The price of offshore wind power has been dropping so quickly that it threatens to upend the electricity industry around the world.
Last month, Denmark’s Dong Energy, the world’s largest provider of offshore wind farms, won a German power auction without needing any subsidies. Dong is a rebranding from Danish Oil and Natural Gas, as the company sells off its fossil fuel businesses to become a clean energy leader.
Average global prices of off-shore wind dropped a game-changing 28 percent last year. Ray Thompson, chief of business development at Siemens Gamesa Renewable Energy said last month that “it’s staggering to think that in not much more than five years, we could have turned a technology seen as prohibitively expensive into the lowest cost, utility-scale technology available.”
By 2016, offshore wind prices had nearly dropped to the level the UK government offers for new nuclear plants — and would “likely” soon beat them, Thompson told the EnergyCollective. That’s doubly true given the historical cost escalations of nuclear power.
And based on current forecasts, explained Thompson, “the point at which offshore wind can compete with the lowest cost of new electricity plants [new combined cycle gas plants] is surely in sight.”
Offshore wind has two very desirable features: First, it’s near where many people live and pay high prices for power, but where other renewable resources are often limited. About half the U.S. population lives in coastal areas, for instance.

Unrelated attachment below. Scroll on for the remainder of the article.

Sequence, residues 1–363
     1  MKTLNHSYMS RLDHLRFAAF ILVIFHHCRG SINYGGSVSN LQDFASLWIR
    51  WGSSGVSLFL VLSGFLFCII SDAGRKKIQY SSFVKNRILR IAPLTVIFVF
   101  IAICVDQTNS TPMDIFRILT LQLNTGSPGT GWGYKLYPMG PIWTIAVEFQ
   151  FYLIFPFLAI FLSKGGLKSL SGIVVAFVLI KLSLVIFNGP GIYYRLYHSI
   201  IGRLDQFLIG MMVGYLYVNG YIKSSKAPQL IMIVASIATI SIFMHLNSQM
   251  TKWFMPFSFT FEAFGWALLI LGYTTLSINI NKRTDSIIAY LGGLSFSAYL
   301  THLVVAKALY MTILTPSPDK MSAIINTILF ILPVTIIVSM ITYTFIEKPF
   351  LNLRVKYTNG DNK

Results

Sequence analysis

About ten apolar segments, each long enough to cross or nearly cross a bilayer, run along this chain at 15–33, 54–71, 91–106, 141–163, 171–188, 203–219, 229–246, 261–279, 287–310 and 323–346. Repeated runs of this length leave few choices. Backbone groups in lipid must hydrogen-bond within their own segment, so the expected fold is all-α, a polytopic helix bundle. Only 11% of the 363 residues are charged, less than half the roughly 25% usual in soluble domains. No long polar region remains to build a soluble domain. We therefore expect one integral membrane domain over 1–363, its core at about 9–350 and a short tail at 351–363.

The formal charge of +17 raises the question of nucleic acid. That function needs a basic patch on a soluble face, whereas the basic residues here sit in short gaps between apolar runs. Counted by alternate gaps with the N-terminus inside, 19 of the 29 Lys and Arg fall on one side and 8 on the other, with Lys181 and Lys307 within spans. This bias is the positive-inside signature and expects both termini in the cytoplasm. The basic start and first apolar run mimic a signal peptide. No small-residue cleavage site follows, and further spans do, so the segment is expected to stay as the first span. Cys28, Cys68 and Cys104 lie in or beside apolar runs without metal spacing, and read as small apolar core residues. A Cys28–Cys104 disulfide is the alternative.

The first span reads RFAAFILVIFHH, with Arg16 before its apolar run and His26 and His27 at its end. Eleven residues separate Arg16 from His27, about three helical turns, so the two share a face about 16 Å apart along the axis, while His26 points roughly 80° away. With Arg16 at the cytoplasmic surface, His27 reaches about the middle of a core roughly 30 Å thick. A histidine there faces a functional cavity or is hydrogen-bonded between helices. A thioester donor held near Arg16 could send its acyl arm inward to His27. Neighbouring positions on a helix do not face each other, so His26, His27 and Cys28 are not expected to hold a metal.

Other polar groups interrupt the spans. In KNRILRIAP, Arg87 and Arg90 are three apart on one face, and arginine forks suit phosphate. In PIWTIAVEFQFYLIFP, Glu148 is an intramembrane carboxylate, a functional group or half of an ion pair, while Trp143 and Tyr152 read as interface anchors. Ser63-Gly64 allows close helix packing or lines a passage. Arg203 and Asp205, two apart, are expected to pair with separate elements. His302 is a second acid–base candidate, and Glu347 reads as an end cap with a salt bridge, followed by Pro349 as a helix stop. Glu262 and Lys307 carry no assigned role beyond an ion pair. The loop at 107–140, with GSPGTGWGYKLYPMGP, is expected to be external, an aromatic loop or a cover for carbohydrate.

Second, “offshore winds tend to blow harder and more uniformly than on land,” explains the U.S. Interior Department’s Bureau of Ocean Energy Management (BOEM). That matters because the energy produced by wind is directly proportional to wind speed cubed. A site where wind speed averages 16 miles per hour delivers 50 percent more power than one where it averages 14 mph.
Also, with steadier winds, offshore farms have a high capacity factor, which is the percentage of a power plant’s maximum generation that is actually achieved over a full year. An onshore wind farm that can put out 100 megawatt hours of electricity during times of peak wind, for example, typically only produces 25 percent averaged over a year. That’s a 25 percent capacity factor. The average capacity factor for solar is even less.
But the capacity factors keep getting better for wind, as this as Bloomberg New Energy Finance (BNEF) chart shows:
Wind farms in the windiest locations now generate full power the equivalent of half the time. But the windiest locations on land are often far from population centers, whereas the steadier coastal winds are close by.
New offshore wind turbines are already at a 50 percent capacity factor — and as they get taller and more efficient that will rise to 60 percent and higher.
As capacity factors and prices improve, offshore wind will become even more attractive. Once built, the marginal cost of operating a wind (or solar) plant is “pretty much zero — free electricity — while coal and gas plants require more fuel for every new watt produced,” as BNEF explained last year. Choosing free zero-pollution power over costly dirty power isn’t a tough choice for utilities or most countries.
That trend led BNEF to a stunning conclusion: “As natural gas and coal plants are increasingly idled in favor of renewables, their capacity factors will take a big hit, and lifetime cost of those plants goes up. Think of them as the expensive back-up power for cheap renewables.”